Sometimes it’s the little things that cause the biggest headaches during settlement.
This was certainly the case for one unsuspecting seller when a dispute arose between himself and the buyer after the discovery of live termites in a tree stump.
In this instance, Mr Jones (not his real name) accepted an offer that was subject to a Timber Pest Inspection.
Unfortunately for Mr Jones, the inspection revealed that, even though the house was free of white ants, there was live activity in an old tree stump.
The buyer, now positive the house was infested with termites, demanded the owner pay to have the entire property treated.
However, the seller rejected the buyer’s demands on the basis that the Timber Pest Inspection Clause specified that he was only responsible to remedy termite damage or activity found within the main dwelling.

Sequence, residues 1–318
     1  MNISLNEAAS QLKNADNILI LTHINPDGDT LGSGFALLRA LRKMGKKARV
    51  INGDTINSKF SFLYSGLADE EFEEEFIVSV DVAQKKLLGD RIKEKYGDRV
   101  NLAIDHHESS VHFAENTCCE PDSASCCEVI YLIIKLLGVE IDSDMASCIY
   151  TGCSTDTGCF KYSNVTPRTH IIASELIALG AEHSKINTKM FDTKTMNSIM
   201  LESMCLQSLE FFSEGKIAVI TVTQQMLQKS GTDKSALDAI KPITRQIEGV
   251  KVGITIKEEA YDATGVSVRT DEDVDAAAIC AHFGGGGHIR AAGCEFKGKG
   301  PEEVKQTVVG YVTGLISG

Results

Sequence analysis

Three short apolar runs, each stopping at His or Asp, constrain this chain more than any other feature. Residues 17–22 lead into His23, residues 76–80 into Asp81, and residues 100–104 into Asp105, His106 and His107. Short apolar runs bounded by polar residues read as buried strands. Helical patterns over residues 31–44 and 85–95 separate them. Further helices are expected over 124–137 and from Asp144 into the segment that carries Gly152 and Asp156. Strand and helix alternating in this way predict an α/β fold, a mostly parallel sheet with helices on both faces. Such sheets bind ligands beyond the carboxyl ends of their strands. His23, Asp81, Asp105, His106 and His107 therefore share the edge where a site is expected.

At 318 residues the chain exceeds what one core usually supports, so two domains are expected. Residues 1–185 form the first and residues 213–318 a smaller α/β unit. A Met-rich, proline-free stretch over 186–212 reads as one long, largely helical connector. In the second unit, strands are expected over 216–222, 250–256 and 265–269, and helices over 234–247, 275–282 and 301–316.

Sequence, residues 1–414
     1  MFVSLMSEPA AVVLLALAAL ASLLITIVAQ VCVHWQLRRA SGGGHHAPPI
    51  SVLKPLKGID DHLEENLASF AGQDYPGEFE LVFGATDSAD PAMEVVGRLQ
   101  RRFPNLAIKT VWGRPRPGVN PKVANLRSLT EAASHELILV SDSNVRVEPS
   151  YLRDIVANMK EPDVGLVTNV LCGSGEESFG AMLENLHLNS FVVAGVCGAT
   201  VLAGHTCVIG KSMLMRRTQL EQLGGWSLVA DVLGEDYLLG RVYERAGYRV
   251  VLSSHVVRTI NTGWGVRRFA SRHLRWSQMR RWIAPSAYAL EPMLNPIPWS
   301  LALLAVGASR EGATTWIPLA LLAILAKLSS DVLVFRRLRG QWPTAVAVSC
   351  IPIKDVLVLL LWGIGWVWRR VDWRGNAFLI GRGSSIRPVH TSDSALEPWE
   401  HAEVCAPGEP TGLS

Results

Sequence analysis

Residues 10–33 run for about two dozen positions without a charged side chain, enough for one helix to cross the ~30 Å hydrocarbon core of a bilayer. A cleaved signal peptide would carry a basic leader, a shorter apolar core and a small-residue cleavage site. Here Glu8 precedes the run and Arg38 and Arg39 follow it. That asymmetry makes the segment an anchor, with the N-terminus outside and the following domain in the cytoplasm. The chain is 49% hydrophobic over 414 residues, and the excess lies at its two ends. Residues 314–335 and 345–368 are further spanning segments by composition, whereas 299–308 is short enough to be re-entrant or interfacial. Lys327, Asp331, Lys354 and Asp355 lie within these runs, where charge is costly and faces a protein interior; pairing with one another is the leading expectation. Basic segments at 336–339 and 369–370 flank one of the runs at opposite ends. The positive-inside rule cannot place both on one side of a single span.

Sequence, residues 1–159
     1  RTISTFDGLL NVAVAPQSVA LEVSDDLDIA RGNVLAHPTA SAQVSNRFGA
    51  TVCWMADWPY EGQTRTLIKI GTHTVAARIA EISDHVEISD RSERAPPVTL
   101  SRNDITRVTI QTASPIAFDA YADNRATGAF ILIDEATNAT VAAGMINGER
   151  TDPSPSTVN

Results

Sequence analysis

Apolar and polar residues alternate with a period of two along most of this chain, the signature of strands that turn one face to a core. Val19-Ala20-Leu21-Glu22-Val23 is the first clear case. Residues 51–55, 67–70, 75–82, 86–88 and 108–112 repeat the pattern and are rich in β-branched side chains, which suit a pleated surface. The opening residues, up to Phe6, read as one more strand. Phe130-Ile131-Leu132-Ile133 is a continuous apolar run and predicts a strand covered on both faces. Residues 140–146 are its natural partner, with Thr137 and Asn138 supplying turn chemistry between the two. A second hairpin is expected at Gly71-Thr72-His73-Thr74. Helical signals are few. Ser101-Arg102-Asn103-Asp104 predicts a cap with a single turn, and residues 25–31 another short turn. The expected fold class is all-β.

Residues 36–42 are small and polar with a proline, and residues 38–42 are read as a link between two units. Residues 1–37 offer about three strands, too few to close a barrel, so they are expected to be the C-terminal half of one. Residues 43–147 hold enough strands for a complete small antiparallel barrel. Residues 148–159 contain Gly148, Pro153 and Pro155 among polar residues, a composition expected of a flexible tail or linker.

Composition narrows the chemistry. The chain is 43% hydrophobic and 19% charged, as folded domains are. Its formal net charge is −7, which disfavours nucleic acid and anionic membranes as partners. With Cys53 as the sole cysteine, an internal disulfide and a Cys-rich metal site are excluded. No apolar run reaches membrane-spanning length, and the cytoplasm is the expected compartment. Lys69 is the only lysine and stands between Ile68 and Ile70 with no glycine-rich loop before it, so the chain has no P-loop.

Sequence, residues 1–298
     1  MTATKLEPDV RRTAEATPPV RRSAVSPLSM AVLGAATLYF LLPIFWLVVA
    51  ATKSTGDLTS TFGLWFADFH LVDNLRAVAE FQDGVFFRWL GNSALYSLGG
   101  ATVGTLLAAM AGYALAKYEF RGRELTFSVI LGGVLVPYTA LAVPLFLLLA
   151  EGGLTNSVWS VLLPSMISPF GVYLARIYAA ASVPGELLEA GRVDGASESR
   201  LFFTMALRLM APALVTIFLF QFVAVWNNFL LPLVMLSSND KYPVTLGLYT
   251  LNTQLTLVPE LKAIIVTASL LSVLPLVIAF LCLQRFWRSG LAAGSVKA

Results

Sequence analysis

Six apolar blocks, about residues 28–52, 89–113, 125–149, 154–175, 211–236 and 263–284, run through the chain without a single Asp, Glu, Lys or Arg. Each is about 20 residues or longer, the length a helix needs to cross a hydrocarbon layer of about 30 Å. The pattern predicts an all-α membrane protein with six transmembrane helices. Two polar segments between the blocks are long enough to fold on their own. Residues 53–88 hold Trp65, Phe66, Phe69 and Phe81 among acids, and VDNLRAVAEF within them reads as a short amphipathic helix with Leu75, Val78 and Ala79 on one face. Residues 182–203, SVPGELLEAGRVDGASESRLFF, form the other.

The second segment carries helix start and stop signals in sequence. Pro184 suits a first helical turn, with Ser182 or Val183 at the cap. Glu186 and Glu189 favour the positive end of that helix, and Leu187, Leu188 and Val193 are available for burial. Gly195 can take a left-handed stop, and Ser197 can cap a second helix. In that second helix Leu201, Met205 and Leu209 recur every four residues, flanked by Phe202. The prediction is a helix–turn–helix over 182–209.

In the ensuing dispute, neither party were willing to move from their stated position.
Ultimately, the buyer refused to pay the deposit and the contract was terminated by a disappointed Mr Jones.
This story highlights the importance of ensuring that all parties are clear on their respective rights and obligations in regards to the Timber Pest Inspection Clause, namely:
- Ensure the Timber Pest Inspection clause pertains to the dwelling only and specified outbuildings, if these are of significant value.
- Ensure the buyer understands that they will have no recourse if termite activity or damage is found outside the specified structures, including in tree stumps.
By taking these simple steps you’ll go a long way to avoiding costly and annoying disputes.
Image by Aleksy Gnilenkov via Flickr.